After ten minutes my older son announces, “This is boring!” and I sense a pattern emerging. So, climbing through the claustrophobic, muggy and airless interior, we make our way up many steps, past hitherto uninspiring displays reminding me of the fish shop Gruber at Naschmarkt. We take refuge on the wide expanse of the viewing platform high above the street and once home to large guns. This bit is actually quite good, offering a magnificent 360 degree view over the parapets, cupolas and loft apartments of Vienna. At this height you begin to appreciate the incredible scale of the building and what it stood for seventy years ago as Vienna came under aerial bombardment. A sense heightened by the presence of powerful binoculars which I use to seek out roof-top sunbathers. This is not quite worth the ticket price alone (the views not the sun-worshippers) but it comes close.
We transcend higher to the café and the children ask me what monkeys drink. Banana milk-shakes, I quip, so we order two. Sitting high up there with glass panelled walls I feel quite woozy, more so when the bill for the milkshakes arrives.
We leave shortly afterwards after an interminable wait for the lift and emerge on the ground floor passing quickly through a piss-poor gift shop stuffed with high-priced soft toys and other accoutrements of plastic Klumpert (junk). As we make our way through the Esterhazy Park back to the underground, sitting and drinking in the shade, adjacent to the kids’ adventure playground, is a motley crew of smiling street Mensch drinking happily. I nod appreciatively. Real nature, I thought. Liberated and carefree.
The Chocolate Museum
By now my expectations of museums have been pruned, but our trinity of visits concludes with Heindl makers of fine chocolate in Vienna since 1953. I have passed their factory and chocolate museum in the twenty-third district many times over the years and never really paid it much attention. But I have always fancied being Charlie Bucket. So we sign up for guided tour and “workshop” (the now ubiquitous twenty-five Euro for one adult and two children) and wait for our golden ticket and life-time supply of bonbons.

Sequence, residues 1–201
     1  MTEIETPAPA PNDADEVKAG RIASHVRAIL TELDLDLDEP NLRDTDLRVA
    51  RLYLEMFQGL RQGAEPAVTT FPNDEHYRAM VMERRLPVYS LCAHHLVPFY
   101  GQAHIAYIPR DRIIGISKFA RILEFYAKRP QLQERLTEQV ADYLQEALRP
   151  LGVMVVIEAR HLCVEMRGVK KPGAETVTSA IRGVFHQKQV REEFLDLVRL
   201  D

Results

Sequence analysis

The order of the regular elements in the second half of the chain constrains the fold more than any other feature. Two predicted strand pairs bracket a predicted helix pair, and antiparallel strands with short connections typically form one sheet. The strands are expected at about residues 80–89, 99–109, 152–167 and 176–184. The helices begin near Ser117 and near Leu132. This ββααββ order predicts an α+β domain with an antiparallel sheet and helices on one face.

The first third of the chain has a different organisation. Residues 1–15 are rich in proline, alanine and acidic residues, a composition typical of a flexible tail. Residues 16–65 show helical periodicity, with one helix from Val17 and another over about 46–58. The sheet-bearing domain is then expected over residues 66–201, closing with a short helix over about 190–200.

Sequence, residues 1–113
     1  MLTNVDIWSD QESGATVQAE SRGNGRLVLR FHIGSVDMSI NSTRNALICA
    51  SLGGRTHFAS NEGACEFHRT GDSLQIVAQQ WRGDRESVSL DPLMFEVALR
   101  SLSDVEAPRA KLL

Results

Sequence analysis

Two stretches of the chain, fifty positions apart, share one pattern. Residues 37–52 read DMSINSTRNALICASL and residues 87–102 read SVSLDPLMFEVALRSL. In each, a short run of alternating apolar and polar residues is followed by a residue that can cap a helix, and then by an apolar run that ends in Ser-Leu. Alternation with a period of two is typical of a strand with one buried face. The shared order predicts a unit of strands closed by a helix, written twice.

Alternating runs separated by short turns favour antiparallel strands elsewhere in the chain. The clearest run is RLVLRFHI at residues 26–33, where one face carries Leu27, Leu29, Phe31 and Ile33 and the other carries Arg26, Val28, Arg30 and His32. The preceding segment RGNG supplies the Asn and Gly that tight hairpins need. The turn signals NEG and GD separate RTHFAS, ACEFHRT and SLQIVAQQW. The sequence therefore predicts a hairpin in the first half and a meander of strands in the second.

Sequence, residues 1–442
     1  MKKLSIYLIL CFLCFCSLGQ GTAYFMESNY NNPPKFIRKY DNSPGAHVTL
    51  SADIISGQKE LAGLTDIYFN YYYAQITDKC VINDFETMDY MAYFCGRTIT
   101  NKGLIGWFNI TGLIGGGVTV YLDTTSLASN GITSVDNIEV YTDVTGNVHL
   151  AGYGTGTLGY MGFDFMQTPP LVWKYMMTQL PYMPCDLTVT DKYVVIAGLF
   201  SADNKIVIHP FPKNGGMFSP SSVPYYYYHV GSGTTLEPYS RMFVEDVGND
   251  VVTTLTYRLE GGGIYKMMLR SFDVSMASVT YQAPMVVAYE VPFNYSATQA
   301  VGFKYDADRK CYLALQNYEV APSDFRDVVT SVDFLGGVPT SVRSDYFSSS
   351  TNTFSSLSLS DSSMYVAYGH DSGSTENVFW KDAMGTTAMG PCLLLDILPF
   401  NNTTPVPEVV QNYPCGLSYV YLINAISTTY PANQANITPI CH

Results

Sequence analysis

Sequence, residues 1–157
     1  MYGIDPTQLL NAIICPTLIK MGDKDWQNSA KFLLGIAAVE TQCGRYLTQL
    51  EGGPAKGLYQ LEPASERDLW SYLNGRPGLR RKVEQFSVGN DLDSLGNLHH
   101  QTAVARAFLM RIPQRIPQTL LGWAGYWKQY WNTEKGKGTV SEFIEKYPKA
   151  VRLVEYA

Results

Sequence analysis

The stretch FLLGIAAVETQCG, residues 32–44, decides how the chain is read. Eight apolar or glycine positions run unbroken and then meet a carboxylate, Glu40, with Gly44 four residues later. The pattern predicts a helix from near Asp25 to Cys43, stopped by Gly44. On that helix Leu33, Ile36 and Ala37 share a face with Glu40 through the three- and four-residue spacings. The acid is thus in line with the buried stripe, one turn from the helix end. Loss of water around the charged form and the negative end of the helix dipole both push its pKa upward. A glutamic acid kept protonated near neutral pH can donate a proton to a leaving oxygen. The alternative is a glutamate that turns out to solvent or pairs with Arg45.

Three things disappoint me: first, in our over-size tour group there is no fat boy from Germany or spoilt princess from Buckinghamshire. Only ill-disciplined, chatty adults scoffing away at the free goodies, ignoring the guide trying her best to sell the story of the coca bean. Second, you only see a tiny part of the production itself, bolstered by some dreary corporate videos which provide absolutely no real sense of contemporary setting or scale or history. Admittedly, we get to see a “production” line of goodies (all hand packed incidentally) populated exclusively by women under orders to smile. I scrutinise them through the glass panel and wonder how much they must be sick of chocolate and jelly sweets. But it is meagrely revealing and I still haven’t seen a cow being whipped. Thirdly, a large part of the tour is taken up by another “film” housed in a special cinema and all the way through it I kept thinking, couldn’t they have just sent me the DVD and I could have watched this at home?
The only interesting part of the tour (for children anyway) is you get to make some sweets (Pralines) which you can take home. But it is then that you appreciate the reason for the admission fee, especially once you see the museum part (which tries hard but is unexceptional).
The tour and museum aspect aside, I cannot help but feel admiration for what Heindl represents. A medium sized family company continuing to exist and flourish in an unremarkable part of Vienna in the year 2014. Retaining links with the local economy, employing local people and not cynically chasing the corporate dollar in a cheaper overseas location to cut costs and boost profits. The family are clearly passionate about their products and their customers and for this I am both impressed and charmed. And, I notice, with a seriousness that surprises me momentarily, they are looking for a guide who can speak English. I wonder.
© RJ Barratt 2014